Membership Details
  • Only $12.99/month gets you 1 Credit/month
  • Cancel anytime
  • Hate a book? Then we do too, and we'll exchange it.
See how it works in 15 seconds

Summary

Summary

ACT I
Scene 1.
King Henry’s plans to lead a crusade to the Holy Land are frustrated when he hears that an English army under Edmund Mortimer has been defeated by the Welsh chieftan Owen Glendower. Henry reveals that Harry Percy, known as Hotspur, has defeated the Scottish Earl of Douglas in battle. Thinking of his son, unruly Hal, the King envies the valiant Hotspur’s father, the Lord Northumberland. The King’s council is to convene on the following Wednesday when Hotspur will be made to account for his giving the king only one of his hostages.
Scene 2. Ned Poins tries to persuade Prince Hal and his friend, the debauched knight Sir John Falstaff, to take part in a robbery at Gadshill. The Prince reuses but is finally persuaded by Poins, who has a secret scheme to expose Falstaff for the coward he is. Once alone, Hal muses on his unprincely behavior, comparing himself to the sun, who allows himself to be covered by the clouds, only to appear more brilliant when he emerges from the “ugly mists.”
Scene 3. King Henry angrily dismisses Worcester when the Earl reminds him that it was his family that first put Henry on the throne. Hotspur claims that his irritation at the arrival of a foppish courtier on the battlefield has been misinterpreted as a refusal to give up prisoners to the king. However, he will only agree to surrender them if the King ransoms Mortimer, Hotspur’s brother-in-law. Henry is incensed: Mortimer, he says, is a traitor, having married his captor Owen Glendower’s daughter. Unmoved by Hotspur’s impassioned defense of Mortimer, he warns, “Send us your prisoners, or you will hear of it.” Northumberland restrains the enraged Hotspur. Worcester reminds them that the King’s hostility to Mortimer stems from the fact that he, not Henry, is Richard II’s rightful heir. When Hotspur finally calms down, his uncles suggests that they raise a rebellion against the King, relying on the support of Glendower, Douglas, Mortimer, and the Archbishop of York.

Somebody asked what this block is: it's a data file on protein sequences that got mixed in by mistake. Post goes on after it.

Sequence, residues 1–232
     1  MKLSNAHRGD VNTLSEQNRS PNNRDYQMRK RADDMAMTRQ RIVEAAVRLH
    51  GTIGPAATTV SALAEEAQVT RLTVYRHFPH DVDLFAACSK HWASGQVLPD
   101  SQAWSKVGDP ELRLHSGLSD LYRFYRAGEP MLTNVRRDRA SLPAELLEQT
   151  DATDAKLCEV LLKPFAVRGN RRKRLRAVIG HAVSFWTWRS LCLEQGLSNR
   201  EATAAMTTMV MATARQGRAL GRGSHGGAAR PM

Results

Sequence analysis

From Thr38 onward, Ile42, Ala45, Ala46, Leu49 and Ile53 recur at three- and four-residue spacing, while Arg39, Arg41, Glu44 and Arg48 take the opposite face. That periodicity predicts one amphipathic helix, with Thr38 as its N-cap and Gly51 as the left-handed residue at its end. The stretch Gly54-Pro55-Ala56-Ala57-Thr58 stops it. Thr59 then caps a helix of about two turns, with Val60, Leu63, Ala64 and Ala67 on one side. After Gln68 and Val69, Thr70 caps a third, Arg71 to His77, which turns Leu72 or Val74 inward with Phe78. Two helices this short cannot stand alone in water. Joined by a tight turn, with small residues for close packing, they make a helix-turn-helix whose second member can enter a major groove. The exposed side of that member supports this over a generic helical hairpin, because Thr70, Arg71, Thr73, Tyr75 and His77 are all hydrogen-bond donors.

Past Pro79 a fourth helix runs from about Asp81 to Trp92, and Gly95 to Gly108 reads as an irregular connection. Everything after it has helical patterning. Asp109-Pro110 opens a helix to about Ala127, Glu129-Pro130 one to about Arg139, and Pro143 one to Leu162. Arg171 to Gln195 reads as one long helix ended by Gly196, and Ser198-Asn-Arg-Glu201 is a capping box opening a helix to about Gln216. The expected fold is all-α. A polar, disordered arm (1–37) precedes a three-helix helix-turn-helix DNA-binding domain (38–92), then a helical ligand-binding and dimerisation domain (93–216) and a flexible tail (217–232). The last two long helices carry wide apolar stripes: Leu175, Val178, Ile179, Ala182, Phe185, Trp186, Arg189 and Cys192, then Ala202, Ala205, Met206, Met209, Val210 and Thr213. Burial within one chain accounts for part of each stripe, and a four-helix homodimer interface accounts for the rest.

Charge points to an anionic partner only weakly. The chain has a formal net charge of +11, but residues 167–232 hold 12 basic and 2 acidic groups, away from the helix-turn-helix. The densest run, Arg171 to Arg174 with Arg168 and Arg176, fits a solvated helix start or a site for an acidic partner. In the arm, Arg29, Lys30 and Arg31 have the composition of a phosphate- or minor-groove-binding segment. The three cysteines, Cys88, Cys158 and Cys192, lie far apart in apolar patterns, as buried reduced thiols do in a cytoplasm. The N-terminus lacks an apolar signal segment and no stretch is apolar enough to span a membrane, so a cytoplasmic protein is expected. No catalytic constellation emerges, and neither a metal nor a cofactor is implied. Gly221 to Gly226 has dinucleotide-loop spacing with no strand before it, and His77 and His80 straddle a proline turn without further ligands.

ACT II
Scene 1.